Applying the same to the Medium Fleet CV we go from 18 to 22 million....and a total cost of something close to 40 million. So 120 million would pay for 3.
     
    Last edited: Feb 10, 2019
  15. Riain Well-Known Member

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    Total and defence spending from 1948 when long term planning began to 1956, the last year the Defence Policy was to re-fight WW2.

    [​IMG]

    Total and Defence spending from the 1957 to 1966 white papers.

    [​IMG]

    Total and Defence spending from the 1967 devaluation of the pound to the 1971 withdrawal from East of Suez.

    [​IMG]
     
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  16. Riain Well-Known Member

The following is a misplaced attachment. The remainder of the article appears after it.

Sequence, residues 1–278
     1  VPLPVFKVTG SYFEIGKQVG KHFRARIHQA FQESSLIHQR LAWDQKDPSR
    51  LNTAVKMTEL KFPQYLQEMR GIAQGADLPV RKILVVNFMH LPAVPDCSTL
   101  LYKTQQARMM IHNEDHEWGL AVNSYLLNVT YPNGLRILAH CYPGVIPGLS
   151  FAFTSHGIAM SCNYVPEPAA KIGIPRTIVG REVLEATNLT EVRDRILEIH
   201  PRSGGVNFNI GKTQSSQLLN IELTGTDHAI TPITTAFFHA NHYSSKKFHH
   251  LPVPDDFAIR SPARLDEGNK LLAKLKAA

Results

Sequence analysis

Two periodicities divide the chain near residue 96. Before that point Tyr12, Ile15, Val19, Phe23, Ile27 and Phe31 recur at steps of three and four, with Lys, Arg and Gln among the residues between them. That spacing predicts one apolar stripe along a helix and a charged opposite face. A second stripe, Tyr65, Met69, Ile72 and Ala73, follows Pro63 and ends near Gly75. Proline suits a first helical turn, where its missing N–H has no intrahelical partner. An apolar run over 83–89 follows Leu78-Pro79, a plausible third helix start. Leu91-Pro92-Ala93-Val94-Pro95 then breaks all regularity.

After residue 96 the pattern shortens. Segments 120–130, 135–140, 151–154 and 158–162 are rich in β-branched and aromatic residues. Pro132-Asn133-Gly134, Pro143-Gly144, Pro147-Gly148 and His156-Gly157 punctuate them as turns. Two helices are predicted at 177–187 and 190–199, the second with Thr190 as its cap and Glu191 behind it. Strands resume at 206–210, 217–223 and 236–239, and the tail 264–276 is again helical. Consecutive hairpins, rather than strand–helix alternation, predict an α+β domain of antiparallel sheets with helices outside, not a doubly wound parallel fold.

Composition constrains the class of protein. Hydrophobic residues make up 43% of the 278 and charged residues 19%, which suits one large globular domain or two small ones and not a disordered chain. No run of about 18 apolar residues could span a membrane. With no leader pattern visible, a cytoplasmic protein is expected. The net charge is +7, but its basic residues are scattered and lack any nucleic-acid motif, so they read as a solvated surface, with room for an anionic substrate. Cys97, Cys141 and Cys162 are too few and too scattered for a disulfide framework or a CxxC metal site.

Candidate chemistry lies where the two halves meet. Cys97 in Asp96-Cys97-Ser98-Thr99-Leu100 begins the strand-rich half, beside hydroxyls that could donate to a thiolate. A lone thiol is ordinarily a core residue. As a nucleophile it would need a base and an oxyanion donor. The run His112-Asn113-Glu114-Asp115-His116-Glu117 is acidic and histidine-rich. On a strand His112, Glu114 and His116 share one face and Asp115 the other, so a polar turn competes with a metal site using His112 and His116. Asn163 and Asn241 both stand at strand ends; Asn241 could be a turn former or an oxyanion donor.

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    The last estimate I can recall for CVA01 was 66 million in late 1965. At about that time the assumed number of Type 82s was down to 6, although it briefly went up to 8 again and remained there for a short while after CVA01 was cancelled.

    I'm a bit wary of the tactic of including the Type 82s in the cost of the CVA01 because although they were linked the RN had an ongoing escort design and construction programme and a requirement for Sea Dart equipped ships that was met by removing the Ikara from the ship and creating the Type 42.
     
  17. Zen9 Well-Known Member

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    I don't think the estimates I have include attendant DDG and FFG.

    I also recall reading that the Type 42 is not a Type 82 minus Ikara.